Cast Off Knitting Methods


In this post, you will see 5 cast-off knitting methods.

There are many ways to cast off, some are for the more intermediate to advanced knitters, but you can learn more about these methods below.

You can also see more tutorials for beginner knitters (how to cast on, how to knit, the knit stitch, how to do the purl stitch, and how to knit garter stitch) here – Knitting Lessons.

Cast off knitting methods

Bind Off Knitting – Different Methods For Different Projects

During your knitting career, you will likely use many different yarns for many different projects.

And each project will no doubt benefit from a different type of bind-off or cast-off method.

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Creating a stretchy edge, or something with flare, you can explore these methods that give you more than just a standard bind off.

bind off with yarn and needles

The Standard Bind Off Method

Before we start to look at other methods of binding off or casting off your work, the most common method is the standard bind off.

This is used for edges that will be sewn into seams or finished in some other way, for example, stitches being picked up and knitted.

To do this you…

Step 1 – Knit 1 stitch, then insert the left needle tip into the first stitch on the right needle.

Step 2 – Pass this stitch over the second stitch.

Step 3 – Then off the needle, this will leave you with 1 stitch remaining on the right needle and 1 stitch that has been cast off.

Step 4 – You will repeat steps 1 to 3, starting with the next stitch until you have cast off/bound off all of your stitches and are left with only one loop.

Step 5 – You will cut the yarn and feed it through the last loop to pull tight and secure.

For a basic cast-off tutorial with step-by-step instructions, photographs, and a video, please visit this post here – How to cast off in knitting.

casting off stitches with super bulky yarn

1. Stretchy Bind Off

The stretchy bind off is simple and great to use at the edge of projects like shawls, which need to be stretched out when finished.

It is also useful for binding off cuffs, for mittens, gloves, or socks, which need a bind off with plenty of ease.

This means when you stretch it out, it immediately goes back into shape.

This technique is easy and a slight variation to the simple method of casting off knitting.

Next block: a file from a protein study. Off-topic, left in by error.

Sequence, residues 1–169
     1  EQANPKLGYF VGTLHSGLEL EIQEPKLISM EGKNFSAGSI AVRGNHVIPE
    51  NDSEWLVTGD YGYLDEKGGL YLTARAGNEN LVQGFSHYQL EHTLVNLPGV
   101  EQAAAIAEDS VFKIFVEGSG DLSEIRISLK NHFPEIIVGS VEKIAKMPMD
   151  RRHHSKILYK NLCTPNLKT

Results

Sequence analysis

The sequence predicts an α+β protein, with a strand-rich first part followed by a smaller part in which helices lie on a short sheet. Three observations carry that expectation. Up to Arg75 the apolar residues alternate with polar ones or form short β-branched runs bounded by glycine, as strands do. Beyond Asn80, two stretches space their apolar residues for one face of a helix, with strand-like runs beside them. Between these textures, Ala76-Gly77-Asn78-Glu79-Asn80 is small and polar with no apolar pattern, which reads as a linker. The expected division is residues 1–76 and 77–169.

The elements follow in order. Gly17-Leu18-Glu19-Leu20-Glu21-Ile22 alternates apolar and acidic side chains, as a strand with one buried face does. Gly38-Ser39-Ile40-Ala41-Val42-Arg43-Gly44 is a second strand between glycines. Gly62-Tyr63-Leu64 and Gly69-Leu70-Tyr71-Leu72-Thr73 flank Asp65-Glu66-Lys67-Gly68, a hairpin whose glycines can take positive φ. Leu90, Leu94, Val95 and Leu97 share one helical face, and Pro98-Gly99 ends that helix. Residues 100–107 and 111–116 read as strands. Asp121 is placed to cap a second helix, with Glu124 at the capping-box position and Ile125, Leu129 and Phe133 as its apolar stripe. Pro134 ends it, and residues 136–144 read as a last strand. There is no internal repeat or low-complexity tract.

You can see a step-by-step tutorial here.

example of a stretchy bind off

Image from The Spruce Crafts

2. Three Needle Bind Off

The three-needle bind-off is a way to bind off stitches that are on two needles at the same time.

If you are using circular needles or DPN’s make socks, hats, or any knitting project that has been knit in the round.

You can use the three-needle bind-off instead of the Kitchener stitch.

The underside of the seam is worked so that you don’t have the seam showing on the outside.

You can see a step-by-step tutorial here.

example of the three needle bind off

Image from Interweave

3. I Cord Bind Off

The I cord bind off creates a tube and gives your bind-off edge a different type of edge.

The effect it gives can make the edges of your project look unique.

From cowls to sweaters, this can be used for many projects.

You can see a step-by-step tutorial here.

the i cord bind off technique on a sample swatch

Image from We Are Knitters

4. Tubular Bind Off

The tubular bind-off creates a neater edge for ribbing (1 x 1 ribbing).

It is a variation of the Kitchener stitch and is an easy way to create an elastic bind-off for cuffs and necklines.

You can see a step-by-step tutorial here.

the tubular bind off on the needles

Image from Shibui Knits

5. Picot Bind Off

The picot bind off is a decorative way of finishing your work, that adds small picots to the edge of the piece.

This is commonly used when binding off shawls to add a more decorative edge.

It is simple to do and can be done in only three steps.

You can see a step-by-step tutorial here.

shawl with a picot edge

Image from Baroque Purls

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One Comment

  1. I like that you talked about having a unique look for your project with a cord bind-off technique. I will share this tip with my sister who plans to buy knitting supplies this weekend to try a new hobby. It will definitely help her to create a piece that would be a nice gift to anyone she would give it to.